October 17, 2017 weblog
UK grid power balance to get support from 10MW battery
(Tech Xplore)—A battery installation at a UK biomass power plant is making news this month. Supporters call it an important recognition of the "enormous potential for battery solutions" in the UK. The company is E.ON. The challenge, as they attempt to meet it, is doing their bit to balance the grid.
"Power supply and demand on the UK grid have to be matched closely in real-time to maintain a safe frequency so household electrical appliances function properly," said their company press release. "Balancing the grid is becoming more challenging because the growing range of renewable generation sources make the electricity system less stable and more prone to changes in frequency."
A 10MW battery has been installed and connected to the grid near Sheffield.
This is an installation and grid connection of a 10MW lithium-ion battery at the Blackburn Meadows biomass plant near Sheffield. The facility, is next to an existing power plant, said The Guardian.
The E.ON release said the Blackburn Meadows plant is a 30MW renewable energy plant that can produce enough power for around 40,000 homes. The energy storage project is aimed to help keep power supplies stable, supporting the range of power sources feeding into the UK's national grid.
The Guardian said the Facility, run by E.ON, will help the UK grid cope with fast-growing amount of renewable energy.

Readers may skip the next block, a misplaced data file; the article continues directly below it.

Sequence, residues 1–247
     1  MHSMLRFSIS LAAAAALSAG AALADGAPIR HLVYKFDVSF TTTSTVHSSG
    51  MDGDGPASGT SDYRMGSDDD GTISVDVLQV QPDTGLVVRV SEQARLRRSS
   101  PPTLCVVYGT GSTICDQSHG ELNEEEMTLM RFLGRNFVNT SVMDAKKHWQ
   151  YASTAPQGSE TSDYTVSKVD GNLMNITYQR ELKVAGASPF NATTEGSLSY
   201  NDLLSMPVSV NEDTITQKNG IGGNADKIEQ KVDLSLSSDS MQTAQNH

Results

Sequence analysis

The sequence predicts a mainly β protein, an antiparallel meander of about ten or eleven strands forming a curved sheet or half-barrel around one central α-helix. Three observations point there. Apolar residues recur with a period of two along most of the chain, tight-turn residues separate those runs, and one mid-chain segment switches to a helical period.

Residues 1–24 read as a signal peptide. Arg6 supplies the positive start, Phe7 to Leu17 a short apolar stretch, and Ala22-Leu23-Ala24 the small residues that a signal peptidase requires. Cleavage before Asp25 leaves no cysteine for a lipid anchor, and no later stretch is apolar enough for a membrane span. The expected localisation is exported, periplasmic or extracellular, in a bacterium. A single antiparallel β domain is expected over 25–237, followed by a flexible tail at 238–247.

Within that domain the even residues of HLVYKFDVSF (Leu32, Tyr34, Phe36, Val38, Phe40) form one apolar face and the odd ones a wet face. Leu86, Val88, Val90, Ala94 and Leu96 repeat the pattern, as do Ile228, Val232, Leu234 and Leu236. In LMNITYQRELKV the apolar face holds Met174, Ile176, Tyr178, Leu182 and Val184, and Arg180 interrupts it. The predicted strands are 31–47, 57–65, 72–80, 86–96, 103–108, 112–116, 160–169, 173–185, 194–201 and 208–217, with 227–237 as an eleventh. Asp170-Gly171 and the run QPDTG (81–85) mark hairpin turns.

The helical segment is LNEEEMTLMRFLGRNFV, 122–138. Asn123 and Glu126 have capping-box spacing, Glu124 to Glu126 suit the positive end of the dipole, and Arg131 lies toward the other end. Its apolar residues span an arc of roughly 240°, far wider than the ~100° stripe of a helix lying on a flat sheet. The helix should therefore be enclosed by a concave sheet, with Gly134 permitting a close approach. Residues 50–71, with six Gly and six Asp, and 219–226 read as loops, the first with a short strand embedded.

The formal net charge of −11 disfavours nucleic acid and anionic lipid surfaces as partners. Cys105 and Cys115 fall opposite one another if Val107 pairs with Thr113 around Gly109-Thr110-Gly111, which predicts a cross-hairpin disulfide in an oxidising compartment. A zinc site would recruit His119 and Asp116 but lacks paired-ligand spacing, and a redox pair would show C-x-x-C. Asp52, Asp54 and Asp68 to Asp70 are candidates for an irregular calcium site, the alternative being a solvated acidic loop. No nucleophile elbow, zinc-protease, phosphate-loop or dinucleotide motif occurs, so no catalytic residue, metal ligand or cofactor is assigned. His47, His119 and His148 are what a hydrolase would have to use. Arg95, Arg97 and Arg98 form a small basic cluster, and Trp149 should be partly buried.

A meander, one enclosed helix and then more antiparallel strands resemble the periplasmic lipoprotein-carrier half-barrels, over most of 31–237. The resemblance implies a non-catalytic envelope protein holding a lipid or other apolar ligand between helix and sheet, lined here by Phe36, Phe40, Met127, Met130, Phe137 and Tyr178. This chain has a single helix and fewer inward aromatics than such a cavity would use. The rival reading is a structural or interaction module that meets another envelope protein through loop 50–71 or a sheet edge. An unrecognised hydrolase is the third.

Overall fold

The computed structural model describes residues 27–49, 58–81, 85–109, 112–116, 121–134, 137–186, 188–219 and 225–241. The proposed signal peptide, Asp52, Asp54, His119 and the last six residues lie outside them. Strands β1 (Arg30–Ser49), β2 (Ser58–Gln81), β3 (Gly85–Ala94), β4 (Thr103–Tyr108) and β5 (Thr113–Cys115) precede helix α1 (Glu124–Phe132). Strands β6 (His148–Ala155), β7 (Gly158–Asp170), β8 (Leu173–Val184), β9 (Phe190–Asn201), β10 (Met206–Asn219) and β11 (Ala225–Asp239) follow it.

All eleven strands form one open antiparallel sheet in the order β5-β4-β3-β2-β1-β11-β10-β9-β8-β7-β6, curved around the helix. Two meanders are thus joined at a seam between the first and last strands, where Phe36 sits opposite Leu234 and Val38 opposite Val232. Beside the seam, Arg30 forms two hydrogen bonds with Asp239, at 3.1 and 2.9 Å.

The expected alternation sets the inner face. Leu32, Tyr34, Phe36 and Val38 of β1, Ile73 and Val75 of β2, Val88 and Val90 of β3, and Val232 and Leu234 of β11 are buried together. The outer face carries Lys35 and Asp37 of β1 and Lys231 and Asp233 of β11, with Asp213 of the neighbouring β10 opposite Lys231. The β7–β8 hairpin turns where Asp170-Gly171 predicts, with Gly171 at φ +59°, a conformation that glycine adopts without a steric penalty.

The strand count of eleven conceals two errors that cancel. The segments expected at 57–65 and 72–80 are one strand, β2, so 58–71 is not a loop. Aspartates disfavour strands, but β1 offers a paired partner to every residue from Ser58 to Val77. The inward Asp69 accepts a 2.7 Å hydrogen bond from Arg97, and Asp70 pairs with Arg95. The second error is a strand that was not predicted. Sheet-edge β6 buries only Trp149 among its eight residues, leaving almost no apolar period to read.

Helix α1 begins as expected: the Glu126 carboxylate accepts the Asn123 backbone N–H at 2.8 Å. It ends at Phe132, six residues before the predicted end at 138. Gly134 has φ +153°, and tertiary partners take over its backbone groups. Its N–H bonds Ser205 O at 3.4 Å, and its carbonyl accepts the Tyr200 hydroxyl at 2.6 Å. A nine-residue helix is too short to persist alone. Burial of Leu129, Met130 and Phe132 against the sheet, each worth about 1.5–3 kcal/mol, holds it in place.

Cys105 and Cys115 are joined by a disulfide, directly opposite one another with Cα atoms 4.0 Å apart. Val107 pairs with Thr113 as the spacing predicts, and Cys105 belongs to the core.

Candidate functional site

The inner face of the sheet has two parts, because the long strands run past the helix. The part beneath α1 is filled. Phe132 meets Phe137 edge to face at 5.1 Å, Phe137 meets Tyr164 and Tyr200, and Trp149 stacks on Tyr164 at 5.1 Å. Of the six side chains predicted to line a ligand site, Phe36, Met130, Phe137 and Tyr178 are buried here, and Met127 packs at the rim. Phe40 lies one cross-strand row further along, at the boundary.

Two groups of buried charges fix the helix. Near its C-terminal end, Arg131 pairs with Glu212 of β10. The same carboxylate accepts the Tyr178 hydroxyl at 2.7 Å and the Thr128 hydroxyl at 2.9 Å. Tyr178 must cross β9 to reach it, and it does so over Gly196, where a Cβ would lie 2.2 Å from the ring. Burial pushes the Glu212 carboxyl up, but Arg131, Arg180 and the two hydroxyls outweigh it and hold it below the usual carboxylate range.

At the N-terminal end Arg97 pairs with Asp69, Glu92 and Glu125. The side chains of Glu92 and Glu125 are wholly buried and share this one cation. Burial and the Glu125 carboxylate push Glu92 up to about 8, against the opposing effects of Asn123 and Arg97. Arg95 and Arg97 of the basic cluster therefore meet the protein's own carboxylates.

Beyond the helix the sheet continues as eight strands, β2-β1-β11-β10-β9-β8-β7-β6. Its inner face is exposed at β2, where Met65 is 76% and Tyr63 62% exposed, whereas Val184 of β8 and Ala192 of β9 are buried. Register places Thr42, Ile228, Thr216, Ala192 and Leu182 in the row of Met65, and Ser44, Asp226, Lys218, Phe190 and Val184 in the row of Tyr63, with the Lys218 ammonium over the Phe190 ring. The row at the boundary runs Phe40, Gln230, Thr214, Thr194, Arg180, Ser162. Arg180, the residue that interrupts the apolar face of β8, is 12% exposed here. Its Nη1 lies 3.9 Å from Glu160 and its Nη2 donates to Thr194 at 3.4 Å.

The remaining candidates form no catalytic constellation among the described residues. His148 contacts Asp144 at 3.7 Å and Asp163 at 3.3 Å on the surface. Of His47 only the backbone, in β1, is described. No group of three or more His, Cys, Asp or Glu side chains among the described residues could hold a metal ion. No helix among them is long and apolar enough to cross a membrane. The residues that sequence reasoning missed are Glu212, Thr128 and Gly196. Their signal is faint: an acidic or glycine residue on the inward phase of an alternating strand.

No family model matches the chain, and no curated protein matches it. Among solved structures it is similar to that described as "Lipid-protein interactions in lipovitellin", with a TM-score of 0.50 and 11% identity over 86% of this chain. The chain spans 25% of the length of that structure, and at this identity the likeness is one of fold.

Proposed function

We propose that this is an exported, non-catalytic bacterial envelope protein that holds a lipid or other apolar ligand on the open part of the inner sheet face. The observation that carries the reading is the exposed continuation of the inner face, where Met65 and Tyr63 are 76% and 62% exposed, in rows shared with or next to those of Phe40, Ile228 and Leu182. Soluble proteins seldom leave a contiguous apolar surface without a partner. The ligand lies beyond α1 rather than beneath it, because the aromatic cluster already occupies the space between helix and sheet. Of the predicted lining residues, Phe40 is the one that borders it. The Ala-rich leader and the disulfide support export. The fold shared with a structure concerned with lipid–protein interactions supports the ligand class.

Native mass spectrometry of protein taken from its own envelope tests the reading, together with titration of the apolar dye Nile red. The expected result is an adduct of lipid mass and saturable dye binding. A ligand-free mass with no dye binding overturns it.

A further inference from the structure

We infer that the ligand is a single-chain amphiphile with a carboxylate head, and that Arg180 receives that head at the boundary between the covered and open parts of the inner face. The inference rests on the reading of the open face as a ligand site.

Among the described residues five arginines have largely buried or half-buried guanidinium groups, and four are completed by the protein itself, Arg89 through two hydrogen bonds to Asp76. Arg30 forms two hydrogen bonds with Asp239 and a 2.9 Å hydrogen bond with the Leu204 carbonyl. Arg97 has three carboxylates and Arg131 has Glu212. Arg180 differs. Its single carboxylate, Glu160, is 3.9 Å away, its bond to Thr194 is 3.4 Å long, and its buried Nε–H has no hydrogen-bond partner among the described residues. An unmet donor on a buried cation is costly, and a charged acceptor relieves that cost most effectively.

Yes, you may consider this a giant battery. The battery is housed in four 40ft-long shipping containers.
E.ON said the battery has the same power as roughly 100 family cars and holds the same amount of energy as 500,000 mobile phone batteries.
The Guardian said the Blackburn Meadows battery is one of the biggest in Britain so far.
The battery initiative is in response to a request from National Grid, said Adam Vaughan, The Guardian energy correspondent, for contracts to help it keep electricity supply and demand in balance— a grid challenge "as more intermittent wind and solar comes online."
Battery systems play important roles in this context, as they can immediately discharge power.
Leon Walker, Commercial Development Manager at National Grid, stated: "Using battery storage is a significant development for managing the national grid. It's an ultra-fast way of keeping electricity supply and demand balanced. Over four years we estimate that this service will save the system operator around £200m. This is good news for consumers who benefit from our cost efficiencies, and paves the way for battery technology to establish itself as an important component of our energy system."
Vaughan discussed grid balancing too. "Balancing supply and demand is essential for keeping the frequency of electricity constant at 50Hz across the UK. The ability of batteries to respond to demand in less than a second makes them ideal for the task, with earlier sources of backup power much slower at just under 10 seconds."
Interestingly, Scientific American had a look at large-scale battery storage in January where Daniel Cusick, E&E News, said that "the technology is preparing for unprecedented growth in the United States over the next several years."
That would translate into stored electricity that can be dispatched quickly in case of power outages, shave peak demand charges or enhance grid reliability. Cusick also said that "batteries can smooth the ebbs and flows associated with wind and solar power by supplementing the grid when those resources are not available."
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